An Anglo-Saxon Chronicler
Samuel Beckett complained of being “damned to fame”. Alan Bennett might justifiably complain of being doomed to amiability. Indeed, in his published diaries, we hear precisely this lament: “I shall still be thought to be kindly, cosy and essentially harmless. I am in the pigeon-hole marked ‘no threat’ and did I stab Judi Dench with a pitchfork I should still be a teddy bear.” We can picture the crowd gathered around a wild-eyed Bennett, who is raving in triumph over the pitchfork-punctured body of the great actor, and sighing in pleasure: How perfectly whimsical! This is the requisite punishment for his good deeds. He is too funny, too delightfully sardonic, too compassionate, too civil and tolerant, too much inclined to favour deadpan understatement over high voltage rhetoric to be seen as one of England’s most sharply political artists.
But he is. In April 2008, when Bennett had just given his notebooks and manuscripts to the Bodleian Library at the University of Oxford, he recorded his delight at a phonecall from the keeper of special collections: “I thought you would like to know that this evening your MSS [manuscripts] are reposing in Bodley’s strongroom on the next shelf to the Anglo-Saxon Chronicle.” Bennett is an Anglo-Saxon chronicler. The greatest chroniclers record the past but also sense the future. If, instead of seeing his work as cosy and nostalgic, more attention had been paid to the terrible sense of loss that runs through it, the great crisis of Englishness that led to Brexit might not have come as such a shock. For the love affair between Bennett and England has been increasingly unrequited.
In Allelujah! Dr Valentine remarks that “rage at the death of a loved one of advanced age is happily rare”. But Bennett himself has been raging against the dying of the English light for a long time now. Nations, perhaps, are never anything but lost and Bennett is temperamentally inclined to tune in to the notes of demise in every atmosphere. His first play, Forty Years On, written when he was 34, was set in an old mansion called Albion House – the state-of-England metaphor being perhaps all too obvious. It was already valedictory, in his own words “a lament for an England that has gone”.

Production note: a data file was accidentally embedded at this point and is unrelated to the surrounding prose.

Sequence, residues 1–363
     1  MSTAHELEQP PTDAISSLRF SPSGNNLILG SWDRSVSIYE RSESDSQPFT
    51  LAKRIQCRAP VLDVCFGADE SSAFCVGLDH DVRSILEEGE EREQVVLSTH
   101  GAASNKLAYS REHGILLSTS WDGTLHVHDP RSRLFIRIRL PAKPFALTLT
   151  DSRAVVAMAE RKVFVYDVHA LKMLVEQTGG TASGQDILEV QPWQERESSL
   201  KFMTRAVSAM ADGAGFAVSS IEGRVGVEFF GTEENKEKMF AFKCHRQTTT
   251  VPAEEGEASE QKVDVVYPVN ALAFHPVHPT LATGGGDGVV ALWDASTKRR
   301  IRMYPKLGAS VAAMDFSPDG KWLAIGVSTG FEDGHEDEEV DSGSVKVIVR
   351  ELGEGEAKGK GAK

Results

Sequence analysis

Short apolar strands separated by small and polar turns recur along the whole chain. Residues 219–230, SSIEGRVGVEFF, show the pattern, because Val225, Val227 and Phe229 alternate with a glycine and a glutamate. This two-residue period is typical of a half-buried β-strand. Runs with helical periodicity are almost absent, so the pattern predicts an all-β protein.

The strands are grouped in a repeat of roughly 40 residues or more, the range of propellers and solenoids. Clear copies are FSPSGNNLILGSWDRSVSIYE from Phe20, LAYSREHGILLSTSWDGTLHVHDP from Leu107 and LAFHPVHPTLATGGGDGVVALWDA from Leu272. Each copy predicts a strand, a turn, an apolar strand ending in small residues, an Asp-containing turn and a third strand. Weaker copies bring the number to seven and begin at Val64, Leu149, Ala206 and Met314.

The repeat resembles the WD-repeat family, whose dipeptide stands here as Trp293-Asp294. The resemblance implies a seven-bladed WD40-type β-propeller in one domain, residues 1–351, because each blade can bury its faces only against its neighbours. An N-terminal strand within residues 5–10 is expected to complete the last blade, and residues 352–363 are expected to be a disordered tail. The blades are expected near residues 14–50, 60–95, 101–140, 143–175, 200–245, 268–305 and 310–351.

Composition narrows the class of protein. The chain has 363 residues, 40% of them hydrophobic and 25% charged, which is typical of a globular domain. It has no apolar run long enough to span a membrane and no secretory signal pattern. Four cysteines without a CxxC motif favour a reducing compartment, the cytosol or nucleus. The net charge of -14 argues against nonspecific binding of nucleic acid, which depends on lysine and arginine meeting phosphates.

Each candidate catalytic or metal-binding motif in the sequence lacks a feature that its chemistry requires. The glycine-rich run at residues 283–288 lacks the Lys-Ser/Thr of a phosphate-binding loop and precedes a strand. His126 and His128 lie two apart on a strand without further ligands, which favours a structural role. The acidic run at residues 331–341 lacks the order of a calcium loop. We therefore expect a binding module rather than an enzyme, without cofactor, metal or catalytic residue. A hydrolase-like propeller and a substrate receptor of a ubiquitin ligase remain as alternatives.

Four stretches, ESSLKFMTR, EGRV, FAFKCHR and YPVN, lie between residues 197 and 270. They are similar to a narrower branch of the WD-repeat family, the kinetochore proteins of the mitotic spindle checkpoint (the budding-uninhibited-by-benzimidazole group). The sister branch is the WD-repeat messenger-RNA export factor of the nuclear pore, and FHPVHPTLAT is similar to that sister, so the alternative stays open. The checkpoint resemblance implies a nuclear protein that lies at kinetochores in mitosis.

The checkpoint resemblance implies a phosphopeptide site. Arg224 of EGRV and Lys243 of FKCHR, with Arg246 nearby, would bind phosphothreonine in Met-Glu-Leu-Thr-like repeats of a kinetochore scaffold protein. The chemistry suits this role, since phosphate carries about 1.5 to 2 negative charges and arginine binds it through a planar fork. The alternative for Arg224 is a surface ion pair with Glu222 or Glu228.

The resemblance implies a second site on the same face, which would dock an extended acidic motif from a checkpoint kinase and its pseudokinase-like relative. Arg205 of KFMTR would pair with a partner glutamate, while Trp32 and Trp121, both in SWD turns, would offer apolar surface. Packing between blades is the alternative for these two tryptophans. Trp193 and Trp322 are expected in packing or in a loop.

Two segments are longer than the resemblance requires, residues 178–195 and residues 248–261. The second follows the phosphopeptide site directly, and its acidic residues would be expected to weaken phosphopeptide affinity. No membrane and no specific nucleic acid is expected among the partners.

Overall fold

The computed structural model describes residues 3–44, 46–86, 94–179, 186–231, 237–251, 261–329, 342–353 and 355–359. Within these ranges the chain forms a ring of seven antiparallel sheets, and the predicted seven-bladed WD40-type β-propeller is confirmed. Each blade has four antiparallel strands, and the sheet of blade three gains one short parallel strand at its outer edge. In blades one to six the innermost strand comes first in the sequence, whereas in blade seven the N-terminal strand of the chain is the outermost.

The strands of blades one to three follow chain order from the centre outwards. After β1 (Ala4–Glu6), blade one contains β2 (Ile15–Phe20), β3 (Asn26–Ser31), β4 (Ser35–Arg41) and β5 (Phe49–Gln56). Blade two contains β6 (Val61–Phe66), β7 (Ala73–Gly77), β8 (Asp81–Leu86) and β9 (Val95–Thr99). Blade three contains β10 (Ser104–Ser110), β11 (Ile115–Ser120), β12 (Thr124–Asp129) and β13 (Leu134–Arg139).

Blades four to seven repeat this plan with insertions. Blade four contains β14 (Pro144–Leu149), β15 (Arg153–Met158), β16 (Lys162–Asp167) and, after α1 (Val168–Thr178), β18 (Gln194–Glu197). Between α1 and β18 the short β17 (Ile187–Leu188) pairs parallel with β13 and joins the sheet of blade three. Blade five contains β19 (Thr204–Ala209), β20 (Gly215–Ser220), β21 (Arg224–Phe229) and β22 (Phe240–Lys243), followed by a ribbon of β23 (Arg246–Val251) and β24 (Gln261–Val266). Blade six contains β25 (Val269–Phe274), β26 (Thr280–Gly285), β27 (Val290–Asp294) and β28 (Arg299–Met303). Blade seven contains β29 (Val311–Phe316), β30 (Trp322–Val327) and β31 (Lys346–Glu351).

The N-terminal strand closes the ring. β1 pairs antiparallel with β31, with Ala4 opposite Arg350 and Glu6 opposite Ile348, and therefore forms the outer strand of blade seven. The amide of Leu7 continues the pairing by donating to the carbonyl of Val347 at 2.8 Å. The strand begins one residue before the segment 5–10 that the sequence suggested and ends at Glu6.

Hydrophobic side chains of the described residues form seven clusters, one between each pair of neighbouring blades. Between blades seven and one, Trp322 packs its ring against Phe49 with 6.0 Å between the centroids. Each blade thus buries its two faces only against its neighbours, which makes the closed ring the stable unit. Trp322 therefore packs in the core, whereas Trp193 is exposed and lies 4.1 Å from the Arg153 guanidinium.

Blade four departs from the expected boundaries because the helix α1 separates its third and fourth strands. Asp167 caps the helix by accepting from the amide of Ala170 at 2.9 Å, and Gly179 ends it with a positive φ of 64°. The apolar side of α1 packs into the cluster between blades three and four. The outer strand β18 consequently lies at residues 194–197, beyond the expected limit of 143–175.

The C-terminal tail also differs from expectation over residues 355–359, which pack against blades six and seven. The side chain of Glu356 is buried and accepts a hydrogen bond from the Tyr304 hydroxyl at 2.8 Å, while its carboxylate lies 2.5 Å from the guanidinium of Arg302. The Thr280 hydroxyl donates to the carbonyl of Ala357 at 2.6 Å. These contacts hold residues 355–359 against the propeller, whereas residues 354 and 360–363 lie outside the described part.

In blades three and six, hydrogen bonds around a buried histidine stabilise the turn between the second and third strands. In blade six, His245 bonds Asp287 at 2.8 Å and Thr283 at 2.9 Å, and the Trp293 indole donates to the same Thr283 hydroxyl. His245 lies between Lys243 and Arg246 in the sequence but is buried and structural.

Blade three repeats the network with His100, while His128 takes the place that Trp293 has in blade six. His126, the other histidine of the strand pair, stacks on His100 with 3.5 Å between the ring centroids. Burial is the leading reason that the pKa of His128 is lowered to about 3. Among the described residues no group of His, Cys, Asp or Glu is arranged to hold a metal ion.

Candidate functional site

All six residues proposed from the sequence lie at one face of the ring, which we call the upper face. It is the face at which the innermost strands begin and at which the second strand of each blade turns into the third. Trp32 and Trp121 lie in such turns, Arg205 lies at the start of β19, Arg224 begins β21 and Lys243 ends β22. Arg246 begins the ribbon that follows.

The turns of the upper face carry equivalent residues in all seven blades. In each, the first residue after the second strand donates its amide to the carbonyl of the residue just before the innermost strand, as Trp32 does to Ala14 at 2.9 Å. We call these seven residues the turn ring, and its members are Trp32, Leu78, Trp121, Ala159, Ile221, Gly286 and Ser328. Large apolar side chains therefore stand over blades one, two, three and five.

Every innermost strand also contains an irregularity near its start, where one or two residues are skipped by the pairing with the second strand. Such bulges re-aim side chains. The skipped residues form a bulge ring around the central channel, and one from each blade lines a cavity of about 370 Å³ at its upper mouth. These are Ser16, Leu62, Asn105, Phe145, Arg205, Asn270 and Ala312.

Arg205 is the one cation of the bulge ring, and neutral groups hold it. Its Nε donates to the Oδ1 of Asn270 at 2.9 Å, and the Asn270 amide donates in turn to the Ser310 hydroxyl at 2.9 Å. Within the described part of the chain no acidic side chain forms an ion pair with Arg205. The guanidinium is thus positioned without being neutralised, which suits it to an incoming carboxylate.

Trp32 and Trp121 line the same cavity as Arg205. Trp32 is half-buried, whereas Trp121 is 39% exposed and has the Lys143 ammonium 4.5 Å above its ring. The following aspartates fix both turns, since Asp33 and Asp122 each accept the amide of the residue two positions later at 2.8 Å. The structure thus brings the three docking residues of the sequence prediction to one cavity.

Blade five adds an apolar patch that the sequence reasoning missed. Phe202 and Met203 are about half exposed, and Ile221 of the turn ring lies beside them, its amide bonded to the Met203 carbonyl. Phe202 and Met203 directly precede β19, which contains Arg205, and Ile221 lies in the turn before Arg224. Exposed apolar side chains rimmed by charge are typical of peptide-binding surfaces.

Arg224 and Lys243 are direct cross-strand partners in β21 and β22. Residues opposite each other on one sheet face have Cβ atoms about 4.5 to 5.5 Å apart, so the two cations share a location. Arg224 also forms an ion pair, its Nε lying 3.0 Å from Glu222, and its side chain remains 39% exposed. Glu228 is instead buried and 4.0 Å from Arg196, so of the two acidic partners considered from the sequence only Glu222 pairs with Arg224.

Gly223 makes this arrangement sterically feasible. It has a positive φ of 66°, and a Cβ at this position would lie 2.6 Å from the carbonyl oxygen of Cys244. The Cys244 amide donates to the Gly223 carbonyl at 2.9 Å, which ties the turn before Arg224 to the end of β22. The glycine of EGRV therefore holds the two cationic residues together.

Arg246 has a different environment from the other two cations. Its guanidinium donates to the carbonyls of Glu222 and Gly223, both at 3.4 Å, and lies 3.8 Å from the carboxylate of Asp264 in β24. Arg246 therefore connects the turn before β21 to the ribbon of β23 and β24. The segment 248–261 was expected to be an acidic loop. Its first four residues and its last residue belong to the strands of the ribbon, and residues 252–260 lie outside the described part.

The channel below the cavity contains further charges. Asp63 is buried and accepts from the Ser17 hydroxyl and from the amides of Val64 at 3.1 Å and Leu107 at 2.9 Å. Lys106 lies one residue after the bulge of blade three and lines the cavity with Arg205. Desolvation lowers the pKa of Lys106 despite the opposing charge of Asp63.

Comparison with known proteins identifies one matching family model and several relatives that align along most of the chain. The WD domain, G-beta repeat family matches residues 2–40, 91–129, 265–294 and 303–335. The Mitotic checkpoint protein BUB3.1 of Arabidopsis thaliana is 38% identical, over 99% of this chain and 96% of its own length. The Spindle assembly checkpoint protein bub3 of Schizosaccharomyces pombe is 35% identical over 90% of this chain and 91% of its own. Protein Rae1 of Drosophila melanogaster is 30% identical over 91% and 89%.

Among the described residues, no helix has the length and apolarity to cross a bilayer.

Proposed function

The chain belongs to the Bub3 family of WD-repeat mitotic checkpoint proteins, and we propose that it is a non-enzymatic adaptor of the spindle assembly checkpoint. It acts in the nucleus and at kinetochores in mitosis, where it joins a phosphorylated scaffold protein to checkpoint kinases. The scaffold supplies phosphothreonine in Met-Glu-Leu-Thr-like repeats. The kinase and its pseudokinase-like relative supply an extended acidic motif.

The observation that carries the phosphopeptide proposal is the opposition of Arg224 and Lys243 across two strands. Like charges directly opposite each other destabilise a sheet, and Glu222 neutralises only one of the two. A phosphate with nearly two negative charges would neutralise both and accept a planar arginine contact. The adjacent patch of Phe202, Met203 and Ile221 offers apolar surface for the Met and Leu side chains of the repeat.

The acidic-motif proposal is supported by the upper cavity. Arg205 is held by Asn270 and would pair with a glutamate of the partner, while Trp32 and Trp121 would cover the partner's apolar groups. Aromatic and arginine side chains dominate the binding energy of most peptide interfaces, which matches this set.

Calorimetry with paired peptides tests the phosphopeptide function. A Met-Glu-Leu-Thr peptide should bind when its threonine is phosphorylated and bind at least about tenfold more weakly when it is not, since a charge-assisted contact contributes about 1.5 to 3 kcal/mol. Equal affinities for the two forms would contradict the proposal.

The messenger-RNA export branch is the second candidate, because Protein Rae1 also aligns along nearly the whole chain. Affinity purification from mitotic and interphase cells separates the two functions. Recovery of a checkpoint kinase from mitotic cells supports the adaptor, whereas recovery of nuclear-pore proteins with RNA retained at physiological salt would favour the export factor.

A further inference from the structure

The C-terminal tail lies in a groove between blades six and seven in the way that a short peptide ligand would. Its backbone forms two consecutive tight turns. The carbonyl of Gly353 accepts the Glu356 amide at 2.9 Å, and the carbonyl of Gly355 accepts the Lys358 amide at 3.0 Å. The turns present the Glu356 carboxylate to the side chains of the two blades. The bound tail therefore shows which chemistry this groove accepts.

In his Yorkshire boyhood, as again in middle and old age, Bennett haunted mediaeval churches, drawn to their odd remnants of a vanished Catholic world, to “the dregs of history”, the accidental survivals of the Reformation and the dissolution of the monasteries. This attraction to poignant survivals is easy to dismiss as a soft wistfulness, a yearning for an imaginary past.
But Bennett is no precious antiquarian. He describes his own politics as a “blend of backward-looking radicalism and conservative socialism”. In another writer, each of these terms might seem an oxymoron, but for him they are accurate evocations of a kind of desolation. For much as he might wish otherwise, something has been lost, something spoilt, and that something is not just an old man’s youth. It is England itself.
He is, though he would not thank anyone for saying so, a national playwright. It is just that the nation he stages is not easily named. It is certainly not the United Kingdom or Britain: “Brits”, he wrote disdainfully in 2010, “– so much of what is hateful about the world since Mrs Thatcher in that gritty hard little word.” England is a closer match, and he is deeply and irredeemably English, in love with its voices, its eccentricities, its ancient churches. He is an excavator of English history. The older people whose voices he conjures so vividly are themselves survivals from their own little histories, washed up through the power of the theatre into our present-day consciousness, half wreckage and half salvage.